Votes for Republican U.S. House candidates had not dipped below the 40 percent mark since the second time FDR was elected president back in 1936. In that year, 38.5 percent of Gopher State residents voted for Republicans, with 42.4 percent for Farmer-Laborites, 17.4 percent for Democrats, and 1.6 percent for other political parties. Even fighting in tough three-way battles in 1936, House Republican candidates fared slightly better in that year than in 2008 – by about a half a percent. In 1934 32.5 percent of voters cast their ballots for Republicans in U.S. House contests.

In 2008, Republicans also received a lower percentage of the vote than in any year in DFL history. Even in its inaugural election of 1944, the DFL outperformed the GOP of 2008 by 2.7 points (at 40.8 percent). In fact, DFL U.S. House hopefuls have never received less than 40 percent of the vote en masse in a general election.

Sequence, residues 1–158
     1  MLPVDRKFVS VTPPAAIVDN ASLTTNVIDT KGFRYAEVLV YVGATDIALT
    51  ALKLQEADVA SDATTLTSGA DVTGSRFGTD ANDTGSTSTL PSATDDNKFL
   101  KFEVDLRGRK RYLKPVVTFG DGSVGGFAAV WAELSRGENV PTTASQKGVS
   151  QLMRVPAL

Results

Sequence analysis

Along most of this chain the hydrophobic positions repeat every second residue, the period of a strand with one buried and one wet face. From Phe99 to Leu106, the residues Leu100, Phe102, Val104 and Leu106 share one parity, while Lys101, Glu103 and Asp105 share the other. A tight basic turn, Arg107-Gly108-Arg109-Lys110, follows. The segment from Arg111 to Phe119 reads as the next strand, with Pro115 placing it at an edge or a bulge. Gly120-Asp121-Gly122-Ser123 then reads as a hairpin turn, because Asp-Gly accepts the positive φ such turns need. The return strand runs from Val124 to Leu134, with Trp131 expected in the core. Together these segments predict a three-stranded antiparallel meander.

The implications for this dismal Republican performance are enormous as the state begins to contemplate new districts after the 2010 U.S. Census – especially considering the fact that Minnesota is projected to lose one Congressional seat to apportionment, according to Tom Gillaspy, State Demographer of the Minnesota Department of Administration.

More than 543,000 votes were cast for DFL U.S. House candidates than for Republicans in 2008: if that trend continues it is difficult to imagine how any new redistricting map plays out favorably for the GOP – especially with the legislature currently comfortably under DFL control (though any plan under the current system would need the approval of the Governor, unless thrown to the courts).